If you spend any time on Meta Stack Exchange or on The Workplace Meta, you may have seen a couple of Feature requests for a new post notice. What you might not have seen was my support for them and request that, if implemented, it be added to Interpersonal Skills as well as The Workplace.
Last week, Shog9 responded and added the post notice to both sites. The wording has changed very slightly (from "Controversial Post" to "Controversial Topic") but it's otherwise the same as what Shog announced in his MSE and TWP Meta answers.
With that in mind... Here's what I've implemented:
Controversial Post — You may use comments ONLY to suggest improvements. You may use answers ONLY to provide a solution to the specific question asked above. Moderators will remove debates, arguments or opinions without notice.
We requested the change from post -> topic to help the question's OP feel less "at fault" for asking the question as it's the topic that's controversial, not the post itself.
You can see it in action for the first time on IPS here:
This question was attracting many comments about vegetarian/vegan people that were rude and unnecessary and, in an effort to curtail future comments and any similar answers, I've added this notice.
The hope is that we will not need to use it often, but it's in our tool kit if we need it.
So, along with this post notice comes a reminder:
Remember, we're here to answer the questions that are asked, not the questions we wish them to be.
From the very beginning we've had to deal with users taking a controversial topic and trying to turn it into a soapbox for their own agenda. If I'd had this post notice when the Vegan Question was asked, I would have used it.
More recently, I think it could have been applied to questions like this one about being harassed by friends. The question there is about how to talk to your friends about their jokes but a couple of the answers spent more time trying to educate the asker about the problem they saw in the situation - the OP being sexually harassed - and then arguing with people who disagreed with the attribution of that term than in actually helping the OP constructively discuss this with someone they consider a friend.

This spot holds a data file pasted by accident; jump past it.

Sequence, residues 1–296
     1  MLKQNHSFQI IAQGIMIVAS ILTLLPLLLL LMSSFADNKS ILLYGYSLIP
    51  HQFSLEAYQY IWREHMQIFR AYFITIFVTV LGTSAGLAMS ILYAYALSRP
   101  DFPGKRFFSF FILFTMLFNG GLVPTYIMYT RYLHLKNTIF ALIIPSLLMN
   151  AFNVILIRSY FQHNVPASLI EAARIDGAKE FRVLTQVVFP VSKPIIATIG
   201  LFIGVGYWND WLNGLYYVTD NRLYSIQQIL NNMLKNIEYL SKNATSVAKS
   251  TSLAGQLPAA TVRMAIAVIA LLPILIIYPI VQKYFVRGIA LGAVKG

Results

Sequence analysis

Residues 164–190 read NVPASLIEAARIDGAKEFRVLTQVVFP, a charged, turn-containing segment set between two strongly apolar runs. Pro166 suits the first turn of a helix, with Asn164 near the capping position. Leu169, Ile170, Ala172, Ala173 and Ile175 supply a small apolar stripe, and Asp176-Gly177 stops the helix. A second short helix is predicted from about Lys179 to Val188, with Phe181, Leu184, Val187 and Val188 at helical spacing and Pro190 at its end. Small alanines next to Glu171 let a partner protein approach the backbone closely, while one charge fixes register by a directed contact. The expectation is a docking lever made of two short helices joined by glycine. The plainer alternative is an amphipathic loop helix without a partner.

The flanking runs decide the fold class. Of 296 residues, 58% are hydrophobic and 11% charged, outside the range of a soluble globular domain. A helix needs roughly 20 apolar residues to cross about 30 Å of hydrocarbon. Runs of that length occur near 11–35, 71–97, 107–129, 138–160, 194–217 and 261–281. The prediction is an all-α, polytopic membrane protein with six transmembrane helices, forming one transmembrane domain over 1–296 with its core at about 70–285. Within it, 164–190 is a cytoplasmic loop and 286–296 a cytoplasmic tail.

The accepted answer there did a good job of this while still encouraging the OP to consider that the teasing may cross the line into harassment and that they should be aware of it and consider addressing it.
If you feel that comments are getting out of hand and are doing more than asking for clarification or improvement but are rather attacking an answer by disagreeing with it, I implore you to flag the comments or the posts the comments are on for our attention and stop responding to them. If someone wants to argue with your (or someone else's) answer, they need to do that by writing an answer of their own that puts forth their solution or by voting on the answer.
Disengage. Flag. Take it to meta if you want to discuss something specific. Don't use posts or comments to argue.
We all have our pet issues... things that we hate to see people disagree with but remember that, often (not always), the subject of the concern is tangential to the concern... So a question about getting coworker vegans to stop harassing you about eating meat is actually pretty similar to a friend harassing you about whether you should be dating another friend.
In these two cases, the situation (coworkers vs friends) plays a bigger role than what the issue is - if you swap the two issues, the solution in each case is largely the same:
- for coworkers - go to HR and ask them to help you with the situation (since asking them directly hasn't worked).
- for friends - have a private talk and explain how it makes you feel when they do that and, if they continue despite that, find some new friends.
Both cases are harassment. In both cases, the OP wants it to stop. Let's focus on getting it to stop, not on diagnosing their situation based on a few paragraphs of explanation.